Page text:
Solution 2: Students should consider attending a local Community College for its reduced cost and more awareness should be made about the benefits of Community Colleges.

Solution 3: Students should join programs like Model United Nations to get relevant skills to be ahead of the competition and be better prepared overall.

Objective: Promote community based learning opportunities with extracurricular and online initiatives.
Reason: Cheaper education opportunities will reduce the Education Gap by giving more opportunities for people to start their education.

Now we need to take the outline and write it as a position paper. We will use the above along with preambular and operative words to write a simple, but actual paper below. Preambular will be in bold and underlined (preambular) and operative will be italicized and underlined (operative). The preamble and operative words come directly from the list in the link from Section B.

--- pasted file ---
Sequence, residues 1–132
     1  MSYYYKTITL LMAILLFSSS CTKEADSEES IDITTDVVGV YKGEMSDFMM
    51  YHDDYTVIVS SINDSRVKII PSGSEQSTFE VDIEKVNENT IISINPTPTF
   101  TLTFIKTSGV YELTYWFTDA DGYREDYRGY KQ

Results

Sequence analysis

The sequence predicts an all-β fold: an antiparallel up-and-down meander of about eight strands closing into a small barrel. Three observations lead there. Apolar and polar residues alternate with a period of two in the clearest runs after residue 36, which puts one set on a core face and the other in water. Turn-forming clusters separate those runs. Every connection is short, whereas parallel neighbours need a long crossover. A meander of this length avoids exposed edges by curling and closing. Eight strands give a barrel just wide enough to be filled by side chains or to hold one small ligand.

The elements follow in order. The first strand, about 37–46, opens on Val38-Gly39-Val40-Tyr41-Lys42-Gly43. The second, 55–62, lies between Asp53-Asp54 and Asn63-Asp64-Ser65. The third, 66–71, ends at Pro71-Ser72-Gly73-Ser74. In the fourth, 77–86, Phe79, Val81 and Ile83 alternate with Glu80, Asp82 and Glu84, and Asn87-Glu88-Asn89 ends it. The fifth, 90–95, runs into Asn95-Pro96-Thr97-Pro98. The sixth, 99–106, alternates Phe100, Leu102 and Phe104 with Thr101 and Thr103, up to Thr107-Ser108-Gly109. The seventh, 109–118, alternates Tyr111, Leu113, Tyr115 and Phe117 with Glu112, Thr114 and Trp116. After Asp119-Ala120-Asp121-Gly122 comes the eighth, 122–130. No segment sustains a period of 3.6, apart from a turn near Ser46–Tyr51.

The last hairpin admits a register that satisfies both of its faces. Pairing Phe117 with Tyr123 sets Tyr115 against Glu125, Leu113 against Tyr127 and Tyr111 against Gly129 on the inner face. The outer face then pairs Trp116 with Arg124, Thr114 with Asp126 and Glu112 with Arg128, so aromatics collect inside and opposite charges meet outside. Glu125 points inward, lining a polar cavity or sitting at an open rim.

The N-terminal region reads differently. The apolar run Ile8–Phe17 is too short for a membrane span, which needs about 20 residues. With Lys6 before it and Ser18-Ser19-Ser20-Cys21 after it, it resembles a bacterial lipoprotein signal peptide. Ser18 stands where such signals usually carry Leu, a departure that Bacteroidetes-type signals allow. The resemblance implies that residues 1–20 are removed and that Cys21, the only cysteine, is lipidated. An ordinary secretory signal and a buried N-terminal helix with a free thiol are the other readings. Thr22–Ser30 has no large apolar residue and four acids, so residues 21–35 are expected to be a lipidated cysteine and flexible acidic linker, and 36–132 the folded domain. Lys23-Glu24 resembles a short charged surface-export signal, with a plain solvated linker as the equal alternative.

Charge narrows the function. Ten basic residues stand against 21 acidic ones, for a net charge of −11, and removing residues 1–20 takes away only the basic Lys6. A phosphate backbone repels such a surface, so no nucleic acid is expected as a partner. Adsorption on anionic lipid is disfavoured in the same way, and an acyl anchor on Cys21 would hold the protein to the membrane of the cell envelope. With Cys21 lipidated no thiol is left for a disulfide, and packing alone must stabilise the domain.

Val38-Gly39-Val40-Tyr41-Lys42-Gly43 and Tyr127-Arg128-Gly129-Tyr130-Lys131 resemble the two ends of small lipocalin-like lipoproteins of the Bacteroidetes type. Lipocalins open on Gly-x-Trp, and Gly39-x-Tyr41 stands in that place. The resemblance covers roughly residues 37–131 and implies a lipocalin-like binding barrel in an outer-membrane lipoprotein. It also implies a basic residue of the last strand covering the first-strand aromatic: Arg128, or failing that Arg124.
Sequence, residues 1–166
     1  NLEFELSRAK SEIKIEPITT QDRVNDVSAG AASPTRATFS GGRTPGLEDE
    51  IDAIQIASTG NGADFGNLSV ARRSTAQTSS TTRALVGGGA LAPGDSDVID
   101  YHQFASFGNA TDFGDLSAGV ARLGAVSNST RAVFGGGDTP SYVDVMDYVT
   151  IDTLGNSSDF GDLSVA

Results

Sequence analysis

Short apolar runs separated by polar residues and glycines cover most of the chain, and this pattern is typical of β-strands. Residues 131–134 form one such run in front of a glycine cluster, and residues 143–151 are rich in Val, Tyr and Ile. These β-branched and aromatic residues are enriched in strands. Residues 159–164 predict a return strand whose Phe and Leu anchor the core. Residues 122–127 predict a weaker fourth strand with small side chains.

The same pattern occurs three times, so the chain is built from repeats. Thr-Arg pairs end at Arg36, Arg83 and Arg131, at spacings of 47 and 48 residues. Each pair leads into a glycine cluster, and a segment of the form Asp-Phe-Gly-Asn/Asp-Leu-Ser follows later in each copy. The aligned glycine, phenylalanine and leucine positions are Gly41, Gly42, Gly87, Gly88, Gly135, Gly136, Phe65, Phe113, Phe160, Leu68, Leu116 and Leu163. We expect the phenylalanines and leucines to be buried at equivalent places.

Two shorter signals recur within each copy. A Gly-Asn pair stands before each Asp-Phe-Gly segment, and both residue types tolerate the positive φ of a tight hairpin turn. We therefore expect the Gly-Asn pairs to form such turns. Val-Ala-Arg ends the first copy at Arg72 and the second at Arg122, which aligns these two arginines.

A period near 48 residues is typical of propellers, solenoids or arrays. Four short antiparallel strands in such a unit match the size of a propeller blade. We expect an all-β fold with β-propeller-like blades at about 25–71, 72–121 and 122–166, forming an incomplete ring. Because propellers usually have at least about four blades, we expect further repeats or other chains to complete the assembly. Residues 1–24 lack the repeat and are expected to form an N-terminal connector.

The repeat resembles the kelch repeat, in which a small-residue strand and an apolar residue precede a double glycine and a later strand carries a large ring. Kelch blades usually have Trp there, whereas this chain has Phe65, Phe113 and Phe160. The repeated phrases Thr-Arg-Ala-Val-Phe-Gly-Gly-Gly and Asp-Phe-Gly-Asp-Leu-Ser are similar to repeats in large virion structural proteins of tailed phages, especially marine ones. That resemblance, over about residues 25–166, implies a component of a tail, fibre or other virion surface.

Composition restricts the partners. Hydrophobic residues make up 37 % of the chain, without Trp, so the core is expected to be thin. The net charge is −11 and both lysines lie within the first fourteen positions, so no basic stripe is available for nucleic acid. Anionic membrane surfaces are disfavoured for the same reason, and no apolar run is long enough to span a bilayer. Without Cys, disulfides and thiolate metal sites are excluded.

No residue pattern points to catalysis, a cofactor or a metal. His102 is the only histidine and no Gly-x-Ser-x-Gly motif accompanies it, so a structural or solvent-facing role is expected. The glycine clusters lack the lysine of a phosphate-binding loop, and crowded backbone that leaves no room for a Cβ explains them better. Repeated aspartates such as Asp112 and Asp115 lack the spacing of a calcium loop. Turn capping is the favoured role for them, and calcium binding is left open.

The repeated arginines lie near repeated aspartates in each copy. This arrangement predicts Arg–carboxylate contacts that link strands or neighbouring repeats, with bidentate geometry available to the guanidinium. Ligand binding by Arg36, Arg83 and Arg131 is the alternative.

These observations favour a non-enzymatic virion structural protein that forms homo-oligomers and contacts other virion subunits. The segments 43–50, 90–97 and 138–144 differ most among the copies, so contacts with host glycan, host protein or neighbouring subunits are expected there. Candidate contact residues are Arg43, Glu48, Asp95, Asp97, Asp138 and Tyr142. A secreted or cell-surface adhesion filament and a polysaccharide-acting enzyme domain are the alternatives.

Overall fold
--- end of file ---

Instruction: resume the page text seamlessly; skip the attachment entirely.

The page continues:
Mindful of the various challenges facing the international community in addressing the situation of closing the education gap and promoting a quality education, we recognize that much work is needed. Observing that limited family resources can be a barrier in the opportunity to get an education, the delegation of Andrew emphasizes that online classes may be an accessible medium capable of addressing aspects of this limitation. Guided by United Nations Resolution GA/RES/123, Andrew takes note of its own success with using online resources and strongly encourages others to consider its potential. Noting with deep concern that the cost of tuition exists as a universal challenge for those behind in the education gap, we draw the attention of the committee to the more cost effective model of Community Colleges. Having studied the costs of a degree from various institutions, we confirm to the committee that Community Colleges are always cheaper and reiterates that community based learning gives the best financial opportunity for those limited by finance or other resources. Bearing in mind that graduates still face competition for employment afterward, we stress the need for candidates to be unique and stand out beyond their degree. Having examined our options, our administration has joined Model United Nations and notes with satisfaction the transitional skills promoted by this partnership. Encouraged by our own success, we argue that cheaper and localized education opportunities will reduce the education gap and calls upon all present Member States of the committee to promote community based learning and extracurricular initiatives to close the Achievement Gap.